Perhaps you've just moved into a new rental apartment and feel a bit stumped as to how you should decorate the space, or maybe you've been renting a home for quite some time and have noticed that it just doesn't seem to reflect your taste or personality.
We spoke with longtime renters to gather their insights on how to best design a rental space that is welcoming, cozy, and full of special touches.
Meet the Experts
Brigette Mulle is a New York City renter and a home decor content creator.
Sarah Horton is a renter in Newport Beach, California and a content creator.
Imani Keal is a home decor content creator and renter based in Washington, D.C.
Hang Digitally Printed Art
No home is complete without art, but Brigette Muller, a New York City renter and a home decor content creator, understands it can take quite some time to build a substantial collection of pieces. Muller is particularly drawn to vintage oil paintings, which she has printed out downloadable files of vintage artwork to incorporate within her space.
She recommends printing the files on textured paper to make them appear more authentic and then placing them inside ornate frames—sans glass—for a museum-quality look. Muller emphasizes how you won't be able to tell the difference once it's displayed.
Sarah Horton, a renter in Newport Beach, California and a content creator, agrees that artwork is a must in any rental home.
"The absence of personal art and objects can make it feel like a hotel," she says. If you want, shop for art that reflects your locale.
Horton explains how all her pieces reflect a cozy, collected life on the water. Take to a neighborhood flea market or thrift store in search of affordable pieces that speak to you and don't break the bank.
Incorporate Green Friends
Plants will make any space feel more like home in no time. Muller has come to appreciate the power of fewer but more substantial—and thoughtfully positioned—plants in her own apartment.
"Don't be afraid to get a full tree," she says. "My weeping fig is one of the best things I've ever brought into my apartment."
If you travel often, consider incorporating fake plants into your space; there are many realistic-looking styles that will fool most of your guests.
Part Ways With Bland Blinds
Horton has one key piece of advice regarding window treatments.
"Ditch the blinds," she advises. "I typically opt for light and airy white linen curtains, they really can transform a space and add a lot of texture."
Oftentimes, the blinds that exist within a rental unit look impersonal and bland, Horton notes.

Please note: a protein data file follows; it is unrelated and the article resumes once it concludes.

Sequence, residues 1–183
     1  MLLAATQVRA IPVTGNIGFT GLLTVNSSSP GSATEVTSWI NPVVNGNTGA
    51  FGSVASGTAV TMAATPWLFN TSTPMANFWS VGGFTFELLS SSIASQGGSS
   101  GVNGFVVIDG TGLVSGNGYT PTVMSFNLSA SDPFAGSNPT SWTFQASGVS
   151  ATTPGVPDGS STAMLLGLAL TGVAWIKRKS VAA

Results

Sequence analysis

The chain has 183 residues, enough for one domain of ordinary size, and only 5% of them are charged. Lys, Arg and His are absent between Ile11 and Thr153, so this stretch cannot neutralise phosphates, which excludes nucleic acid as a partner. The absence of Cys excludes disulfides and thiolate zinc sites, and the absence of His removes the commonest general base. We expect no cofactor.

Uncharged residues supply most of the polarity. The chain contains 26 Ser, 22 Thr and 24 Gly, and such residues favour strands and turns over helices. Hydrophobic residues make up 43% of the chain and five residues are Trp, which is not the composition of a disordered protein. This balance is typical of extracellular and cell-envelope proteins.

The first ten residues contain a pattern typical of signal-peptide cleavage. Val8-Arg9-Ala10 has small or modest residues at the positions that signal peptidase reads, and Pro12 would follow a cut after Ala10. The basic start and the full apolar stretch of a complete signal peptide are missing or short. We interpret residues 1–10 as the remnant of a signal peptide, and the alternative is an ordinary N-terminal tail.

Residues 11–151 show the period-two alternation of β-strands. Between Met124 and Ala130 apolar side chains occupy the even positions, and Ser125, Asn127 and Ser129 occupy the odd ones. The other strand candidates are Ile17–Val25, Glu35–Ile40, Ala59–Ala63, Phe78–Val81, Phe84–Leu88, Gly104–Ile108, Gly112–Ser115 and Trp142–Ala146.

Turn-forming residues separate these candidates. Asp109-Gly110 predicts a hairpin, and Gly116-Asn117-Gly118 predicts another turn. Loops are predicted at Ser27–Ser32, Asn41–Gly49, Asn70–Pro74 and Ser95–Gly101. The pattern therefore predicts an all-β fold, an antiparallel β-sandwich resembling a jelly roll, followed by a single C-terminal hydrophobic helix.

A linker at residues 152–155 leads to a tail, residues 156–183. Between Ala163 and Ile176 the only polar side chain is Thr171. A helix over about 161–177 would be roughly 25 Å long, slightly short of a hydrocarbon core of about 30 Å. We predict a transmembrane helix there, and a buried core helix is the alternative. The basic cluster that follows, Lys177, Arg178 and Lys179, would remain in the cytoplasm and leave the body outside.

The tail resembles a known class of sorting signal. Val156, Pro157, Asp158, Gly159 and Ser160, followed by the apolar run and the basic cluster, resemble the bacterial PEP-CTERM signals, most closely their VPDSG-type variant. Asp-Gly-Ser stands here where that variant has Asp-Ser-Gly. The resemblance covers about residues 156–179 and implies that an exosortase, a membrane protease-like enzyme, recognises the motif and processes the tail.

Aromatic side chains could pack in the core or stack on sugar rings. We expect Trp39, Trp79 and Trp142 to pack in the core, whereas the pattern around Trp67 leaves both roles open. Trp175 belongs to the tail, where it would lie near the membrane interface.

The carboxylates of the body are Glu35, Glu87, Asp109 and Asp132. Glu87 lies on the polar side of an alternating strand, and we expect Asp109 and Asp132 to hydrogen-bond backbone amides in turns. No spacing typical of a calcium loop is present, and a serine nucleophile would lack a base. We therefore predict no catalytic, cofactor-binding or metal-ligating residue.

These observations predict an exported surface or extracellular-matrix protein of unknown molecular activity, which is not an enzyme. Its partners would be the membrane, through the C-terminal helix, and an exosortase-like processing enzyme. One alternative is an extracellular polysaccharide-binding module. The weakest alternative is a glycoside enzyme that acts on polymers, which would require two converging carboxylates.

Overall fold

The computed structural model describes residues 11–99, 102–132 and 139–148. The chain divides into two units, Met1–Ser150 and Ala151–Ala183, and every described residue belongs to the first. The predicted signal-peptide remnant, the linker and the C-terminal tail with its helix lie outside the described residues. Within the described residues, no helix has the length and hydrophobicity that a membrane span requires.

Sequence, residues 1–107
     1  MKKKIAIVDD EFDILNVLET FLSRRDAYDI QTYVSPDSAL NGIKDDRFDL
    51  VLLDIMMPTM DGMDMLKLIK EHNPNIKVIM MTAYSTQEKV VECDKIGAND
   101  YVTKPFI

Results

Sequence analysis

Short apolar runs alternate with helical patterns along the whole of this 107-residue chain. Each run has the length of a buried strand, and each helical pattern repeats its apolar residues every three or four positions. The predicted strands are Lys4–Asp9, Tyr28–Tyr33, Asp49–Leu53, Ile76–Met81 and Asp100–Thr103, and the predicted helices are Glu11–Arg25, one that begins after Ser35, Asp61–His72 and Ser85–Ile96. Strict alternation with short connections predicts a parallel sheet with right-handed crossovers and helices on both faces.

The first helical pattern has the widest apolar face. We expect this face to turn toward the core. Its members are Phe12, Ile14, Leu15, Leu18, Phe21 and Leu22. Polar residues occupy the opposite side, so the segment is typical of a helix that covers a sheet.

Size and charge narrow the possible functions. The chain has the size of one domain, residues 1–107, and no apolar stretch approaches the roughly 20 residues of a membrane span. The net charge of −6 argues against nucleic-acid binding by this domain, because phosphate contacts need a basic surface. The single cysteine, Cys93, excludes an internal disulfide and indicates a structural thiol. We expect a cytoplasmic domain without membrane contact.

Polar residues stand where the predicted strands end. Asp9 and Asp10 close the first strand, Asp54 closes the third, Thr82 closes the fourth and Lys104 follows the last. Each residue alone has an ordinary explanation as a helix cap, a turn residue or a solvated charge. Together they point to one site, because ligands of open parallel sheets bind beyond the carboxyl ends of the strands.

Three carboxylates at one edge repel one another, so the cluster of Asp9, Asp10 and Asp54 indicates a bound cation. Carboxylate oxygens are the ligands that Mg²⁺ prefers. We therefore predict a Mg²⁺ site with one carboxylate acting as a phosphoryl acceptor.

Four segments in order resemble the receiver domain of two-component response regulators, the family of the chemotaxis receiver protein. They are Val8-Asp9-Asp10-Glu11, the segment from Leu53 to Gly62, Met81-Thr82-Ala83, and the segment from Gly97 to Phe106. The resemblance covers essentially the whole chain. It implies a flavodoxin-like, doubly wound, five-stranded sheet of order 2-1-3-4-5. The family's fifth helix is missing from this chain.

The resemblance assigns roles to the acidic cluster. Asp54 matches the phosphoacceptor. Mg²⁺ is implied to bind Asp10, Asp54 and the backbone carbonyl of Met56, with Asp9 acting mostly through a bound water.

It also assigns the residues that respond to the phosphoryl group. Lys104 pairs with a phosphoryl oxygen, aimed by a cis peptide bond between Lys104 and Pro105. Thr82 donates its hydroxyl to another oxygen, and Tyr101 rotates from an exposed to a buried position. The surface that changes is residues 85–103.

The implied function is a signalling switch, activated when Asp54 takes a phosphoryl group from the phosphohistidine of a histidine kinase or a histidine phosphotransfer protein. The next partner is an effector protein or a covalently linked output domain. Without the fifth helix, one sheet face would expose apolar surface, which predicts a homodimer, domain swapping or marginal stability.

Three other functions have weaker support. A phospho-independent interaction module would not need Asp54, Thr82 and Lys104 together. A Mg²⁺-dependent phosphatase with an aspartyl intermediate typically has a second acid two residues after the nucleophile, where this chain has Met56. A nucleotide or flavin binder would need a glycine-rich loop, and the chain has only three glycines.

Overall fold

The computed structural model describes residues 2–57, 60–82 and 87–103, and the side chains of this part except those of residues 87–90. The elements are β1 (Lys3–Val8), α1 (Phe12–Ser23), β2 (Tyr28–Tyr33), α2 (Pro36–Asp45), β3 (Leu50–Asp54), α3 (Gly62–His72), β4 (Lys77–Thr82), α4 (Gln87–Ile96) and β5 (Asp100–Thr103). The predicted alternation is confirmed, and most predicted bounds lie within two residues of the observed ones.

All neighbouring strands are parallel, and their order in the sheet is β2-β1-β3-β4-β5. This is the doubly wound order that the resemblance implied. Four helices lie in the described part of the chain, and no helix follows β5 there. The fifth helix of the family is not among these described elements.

Don't Shy Away From Paint
Imani Keal, who is a home decor content creator and renter based in Washington, D.C., encourages others in rental properties to experiment with paint, assuming the landlord approves.
"Nothing says 'rental' like a bad paint job with an off-white or gray color,'" Keal says. "It's awful and very hard to counteract."
Instead, she recommends opting for a moody hue, such as Valspar Coconut Husk or Benjamin Moore Black. Keep in mind that you may need to repaint your space before moving out, so make note of the original color.
Swap Out Your Bulbs
The existing light bulbs within your rental apartment may not be up to par—so change them. Keal has noticed that apartment lighting can simply feel too stark.
"As soon as you move in, switch things out for a warm or amber bulb instead," Keal says.
Creating ambient lighting will help bring warmth to your space. Consider bringing in some lamps and filling any empty corners to illuminate your home.
Lay Down a Rug
A rug will immediately make your rental apartment feel cozier, but it will also help conceal noise, Keal says, noting that it's also much more pleasant to walk around on a rug than step directly onto hardwood floors, particularly when it's cold out.
You can even layer rugs if you wish. A colorful Turkish rug will add dimension to any living room and can easily be layered over a larger jute.
Be Open to Rearranging
It may take some time to arrange your rental space so that it best accommodates your everyday needs. Some trial and error is normal as you determine which furniture items are serving you and which are less conducive to your lifestyle.
Horton ended up trading in her at-home workspace for a large kitchen hutch, which she uses to store entertaining essentials and trinkets.
"I wouldn’t have known that during my first couple months of living there," she says.
Read the original article on The Spruce.